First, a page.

“The U.S. can wait until five minutes before midnight and Israel only until 11:30,” he said. “That is not insurmountable or as catastrophic as is often characterized.”

In his speech to the world body, Netanyahu used his drawing to illustrate the three stages of uranium enrichment Iran is following. The first stage was to 3.5 percent of purity. It is now in the second stage, which enriches the uranium to 20 percent of purity. As soon as Iran stockpiles about 570 pounds of uranium at that level, it is able to move to the third and final stage that enriches it to 93 percent. After only a few weeks or a couple of months, it will have about 60 pounds of uranium enriched to 93 percent – enough to build one nuclear warhead.

Netanyahu argued that Israel cannot wait for the final stage and said Iran could develop the trigger mechanism in an isolated warehouse that would go undetected by intelligence agencies.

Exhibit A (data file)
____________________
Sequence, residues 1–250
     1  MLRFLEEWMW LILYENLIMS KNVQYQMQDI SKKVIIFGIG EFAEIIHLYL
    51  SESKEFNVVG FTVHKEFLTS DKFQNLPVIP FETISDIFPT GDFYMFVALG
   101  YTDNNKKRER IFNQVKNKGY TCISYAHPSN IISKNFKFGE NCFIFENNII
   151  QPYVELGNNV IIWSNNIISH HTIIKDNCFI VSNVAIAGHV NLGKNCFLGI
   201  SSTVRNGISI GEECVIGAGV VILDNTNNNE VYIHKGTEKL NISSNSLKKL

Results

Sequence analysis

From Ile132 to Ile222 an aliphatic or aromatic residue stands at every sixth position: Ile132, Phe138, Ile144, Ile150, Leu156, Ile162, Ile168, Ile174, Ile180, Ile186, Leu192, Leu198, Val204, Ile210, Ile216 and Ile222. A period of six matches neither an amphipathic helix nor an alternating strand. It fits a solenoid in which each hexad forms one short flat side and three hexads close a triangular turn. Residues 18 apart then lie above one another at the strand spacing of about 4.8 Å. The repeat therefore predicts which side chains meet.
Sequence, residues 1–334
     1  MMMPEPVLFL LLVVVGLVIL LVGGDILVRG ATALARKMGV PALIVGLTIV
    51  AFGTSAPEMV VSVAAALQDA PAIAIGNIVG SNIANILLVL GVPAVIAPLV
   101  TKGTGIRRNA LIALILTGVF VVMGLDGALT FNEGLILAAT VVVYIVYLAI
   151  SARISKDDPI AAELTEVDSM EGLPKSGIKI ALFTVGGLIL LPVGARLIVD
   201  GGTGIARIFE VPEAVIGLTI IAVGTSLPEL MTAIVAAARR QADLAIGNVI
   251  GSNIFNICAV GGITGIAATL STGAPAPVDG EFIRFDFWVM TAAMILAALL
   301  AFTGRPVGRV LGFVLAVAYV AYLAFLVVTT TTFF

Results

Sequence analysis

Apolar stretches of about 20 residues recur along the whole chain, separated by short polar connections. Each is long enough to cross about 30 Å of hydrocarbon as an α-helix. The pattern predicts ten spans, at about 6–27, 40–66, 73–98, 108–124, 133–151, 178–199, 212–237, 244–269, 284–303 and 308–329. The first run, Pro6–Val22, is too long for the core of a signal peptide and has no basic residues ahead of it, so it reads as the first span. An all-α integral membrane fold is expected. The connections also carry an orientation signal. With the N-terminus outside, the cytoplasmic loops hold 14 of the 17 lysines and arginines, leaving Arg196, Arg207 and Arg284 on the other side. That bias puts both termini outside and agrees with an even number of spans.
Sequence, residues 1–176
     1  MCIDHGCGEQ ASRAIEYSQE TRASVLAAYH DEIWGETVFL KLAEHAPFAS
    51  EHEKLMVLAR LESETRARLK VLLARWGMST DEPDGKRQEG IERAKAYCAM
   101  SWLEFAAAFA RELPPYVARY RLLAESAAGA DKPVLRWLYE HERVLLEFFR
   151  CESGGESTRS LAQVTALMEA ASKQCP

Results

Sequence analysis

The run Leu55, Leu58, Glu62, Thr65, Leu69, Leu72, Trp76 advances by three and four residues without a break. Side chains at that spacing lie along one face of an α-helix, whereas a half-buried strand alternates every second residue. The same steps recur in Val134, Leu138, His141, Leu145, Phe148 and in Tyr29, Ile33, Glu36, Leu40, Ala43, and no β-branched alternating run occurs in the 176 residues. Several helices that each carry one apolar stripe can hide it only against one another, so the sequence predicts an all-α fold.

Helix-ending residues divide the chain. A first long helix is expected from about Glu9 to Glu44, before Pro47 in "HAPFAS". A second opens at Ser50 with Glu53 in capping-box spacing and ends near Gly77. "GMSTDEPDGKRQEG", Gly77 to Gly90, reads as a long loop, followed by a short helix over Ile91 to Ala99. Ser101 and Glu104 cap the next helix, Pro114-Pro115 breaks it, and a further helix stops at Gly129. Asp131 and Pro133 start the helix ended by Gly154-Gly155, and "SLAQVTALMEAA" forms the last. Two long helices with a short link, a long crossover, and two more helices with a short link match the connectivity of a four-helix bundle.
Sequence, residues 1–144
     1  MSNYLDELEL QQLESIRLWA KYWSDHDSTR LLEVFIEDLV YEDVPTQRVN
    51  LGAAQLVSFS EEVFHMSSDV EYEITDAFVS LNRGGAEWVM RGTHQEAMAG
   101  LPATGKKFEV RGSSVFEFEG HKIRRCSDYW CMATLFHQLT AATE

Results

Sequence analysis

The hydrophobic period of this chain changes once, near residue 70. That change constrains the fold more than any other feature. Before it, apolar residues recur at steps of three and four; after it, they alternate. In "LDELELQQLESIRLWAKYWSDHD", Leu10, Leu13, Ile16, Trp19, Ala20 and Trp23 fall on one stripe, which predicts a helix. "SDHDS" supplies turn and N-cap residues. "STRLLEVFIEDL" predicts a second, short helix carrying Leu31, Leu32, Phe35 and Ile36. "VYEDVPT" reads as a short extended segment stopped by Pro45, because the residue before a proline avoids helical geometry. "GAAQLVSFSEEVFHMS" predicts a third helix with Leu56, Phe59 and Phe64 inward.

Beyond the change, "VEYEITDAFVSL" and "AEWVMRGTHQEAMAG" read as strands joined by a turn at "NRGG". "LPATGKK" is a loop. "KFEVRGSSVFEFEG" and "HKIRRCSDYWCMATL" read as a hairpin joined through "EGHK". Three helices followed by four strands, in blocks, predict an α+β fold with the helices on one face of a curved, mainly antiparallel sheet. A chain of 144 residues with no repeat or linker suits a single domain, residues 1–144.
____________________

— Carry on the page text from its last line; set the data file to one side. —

Given the clear differences between Netanyahu and Obama, Michael Desch, a professor and chair of the Department of political science at the University of Notre Dame, is not so optimistic the two will be able to resolve their differences.

“No doubt that Netanyahu is right that Iran has the capability to enrich to 90 percent, but just having that ability does not mean it is going to do it,” Desch said. “The position of the Obama administration is that we look at other things, such as building the trigger and doing certain other tests that would indicate engineering a weaponized nuclear device.”

U.S. Defense Secretary Leon Panetta said earlier this month that for the U.S. the red line is “when they make the decision to go ahead and build a nuclear weapon.” He contended that U.S. intelligence would learn of that decision and that the U.S. would then have about a year to launch a military attack.

But Netanyahu made clear that Israel must act in no more than six or seven months.